By digging further in, the users can understand how the inputs affect the outcome at the dashboard design stage. Making a few changes that affect the monetary outcomes can quickly make a product worth the investment.
7. Prioritize simplicity
With a growing trend of making your charts look fancy, you might be tempted to use them at one go. Frames, backgrounds, effects, gridlines might be useful sometimes, but use them only when there exists a reason. Be careful with your labels or legend and pay attention to the font, size, and colour. It should not obstruct your chart view and at the same time it must be visible. Do not waste space just to decorate.
8. Provide Context
Without providing context, how will one know whether those numbers are good or bad, or if they are typical or unusual? Without comparison values, numbers on a dashboard do not amount to much. More importantly, users will not know whether an action is to be taken or not. The moment you add context to a dashboard it can help in communicating your findings and report.
Few tips are:
- Try to provide maximum information.
- Name the axes and add titles to the charts.
- Remember to provide comparison values.
The rule of thumb here is to use comparisons, for example, comparison against a set target, projected value, or preceding period.
9. Be careful with colours – choose a few and stick to them
When it comes to colour, you can stick to your company identity (same colours, logo, fonts) or go for a different colour palette. The important thing here is to stay consistent and not use too many different colours. You can pick a few colours and then play with their gradients. A common mistake is using highly saturated colours too often.
10. Keep the Dashboard Design Simple and Easy to Understand
Creating a simple interface is an important dashboard design principle. Make it as easy as possible for users to analyse the information on the screen. A dense design can distract the user from focusing on the report.
11. Use the right type of chart
Choosing the right type of chart to display the information is extremely important. This must be done with careful thought as different situations and information would be best displayed by different types of charts.
- Line- Lines are great when it comes to displaying patterns of change across a continuum. They are compact, clear, and precise. Line charts format is common and familiar to most people so they can easily be analysed immediately.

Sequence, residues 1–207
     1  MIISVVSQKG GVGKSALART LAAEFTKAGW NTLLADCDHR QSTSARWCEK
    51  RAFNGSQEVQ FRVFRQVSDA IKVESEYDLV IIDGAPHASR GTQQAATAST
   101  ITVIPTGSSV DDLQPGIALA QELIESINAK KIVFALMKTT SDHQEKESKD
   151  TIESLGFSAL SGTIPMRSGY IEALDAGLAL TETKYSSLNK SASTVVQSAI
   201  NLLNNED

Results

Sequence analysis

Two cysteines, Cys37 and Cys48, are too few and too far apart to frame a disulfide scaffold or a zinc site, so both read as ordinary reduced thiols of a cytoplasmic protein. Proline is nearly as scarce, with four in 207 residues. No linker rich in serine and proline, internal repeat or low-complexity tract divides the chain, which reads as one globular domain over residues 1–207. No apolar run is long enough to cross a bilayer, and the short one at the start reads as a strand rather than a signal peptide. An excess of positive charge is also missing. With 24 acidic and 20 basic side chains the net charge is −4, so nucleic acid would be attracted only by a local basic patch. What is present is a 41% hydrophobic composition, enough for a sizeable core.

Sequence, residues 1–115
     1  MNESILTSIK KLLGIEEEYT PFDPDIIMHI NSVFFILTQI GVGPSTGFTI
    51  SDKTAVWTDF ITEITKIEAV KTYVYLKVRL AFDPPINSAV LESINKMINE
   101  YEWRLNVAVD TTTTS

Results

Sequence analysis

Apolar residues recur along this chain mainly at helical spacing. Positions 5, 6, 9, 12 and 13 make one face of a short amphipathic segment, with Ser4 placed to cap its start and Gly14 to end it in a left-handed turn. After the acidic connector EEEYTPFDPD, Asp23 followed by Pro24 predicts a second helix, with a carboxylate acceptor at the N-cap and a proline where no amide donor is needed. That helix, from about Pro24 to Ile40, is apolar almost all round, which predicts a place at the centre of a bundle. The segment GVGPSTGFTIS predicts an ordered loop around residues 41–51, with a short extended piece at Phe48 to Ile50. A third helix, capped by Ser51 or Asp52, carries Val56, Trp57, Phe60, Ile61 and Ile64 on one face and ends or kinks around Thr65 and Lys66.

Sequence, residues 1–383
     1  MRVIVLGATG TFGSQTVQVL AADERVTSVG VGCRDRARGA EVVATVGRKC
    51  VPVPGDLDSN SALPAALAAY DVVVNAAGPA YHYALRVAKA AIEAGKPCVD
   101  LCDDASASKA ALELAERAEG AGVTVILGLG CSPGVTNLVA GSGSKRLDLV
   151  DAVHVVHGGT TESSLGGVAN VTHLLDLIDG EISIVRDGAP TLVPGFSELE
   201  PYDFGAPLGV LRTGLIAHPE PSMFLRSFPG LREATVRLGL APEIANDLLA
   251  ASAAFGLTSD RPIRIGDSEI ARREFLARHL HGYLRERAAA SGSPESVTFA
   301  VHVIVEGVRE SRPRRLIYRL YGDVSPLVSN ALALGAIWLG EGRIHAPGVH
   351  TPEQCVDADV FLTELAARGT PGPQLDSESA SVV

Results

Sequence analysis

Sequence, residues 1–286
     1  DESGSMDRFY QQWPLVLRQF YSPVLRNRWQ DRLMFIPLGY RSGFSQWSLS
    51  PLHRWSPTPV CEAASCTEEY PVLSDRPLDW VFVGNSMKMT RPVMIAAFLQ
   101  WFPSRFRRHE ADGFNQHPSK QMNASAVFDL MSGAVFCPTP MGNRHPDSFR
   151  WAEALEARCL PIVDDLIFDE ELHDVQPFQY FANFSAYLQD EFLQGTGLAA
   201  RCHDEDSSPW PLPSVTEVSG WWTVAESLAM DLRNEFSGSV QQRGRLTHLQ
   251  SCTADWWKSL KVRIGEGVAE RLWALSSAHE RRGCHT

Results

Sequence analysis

- Bar charts– This type of chart is great if you want to quickly compare items in the same category. For example, page views by country.
- Sparklines- Sparklines usually do not have a scale which means that users will not be able to notice individual values. However, they work well when you have a lot of metrics and you want to show only the trends.
- Tables– Use tables for sorting various variables; for helping organize data and to effectively communicate meaning.
- Pie charts – Pie charts are the least recommended of the various types of chart They possess low accuracy because the users can find it difficult to accurately compare the sizes of the pie slices. Although the users will notice the biggest slice immediately, there can be problematic in terms of scale resulting in the smallest slices being so small that they even cannot be displayed.
12. Double up your margins
Margin adjustment is one of the most subtle yet effective dashboard guidelines. The principle boils down to balance. White space also referred to as negative space is the area of blankness between elements featured on dashboard design. As a good practice always double the margins surrounding the main elements of your dashboard to ensure each is framed with a balanced area of white space. This makes the information easier to grasp.
13. Never stop evolving
Last, but not the least, is the ability to tweak and evolve your designs in response to the environment. This will ensure ongoing analytical success.
While designing dashboards asking for feedback is essential. By requesting regular input from your team, the users and asking the right questions, you will be able to improve the layout, functionality, feel look, and balance of KPIs to ensure optimal value and arrive at a good dashboard design.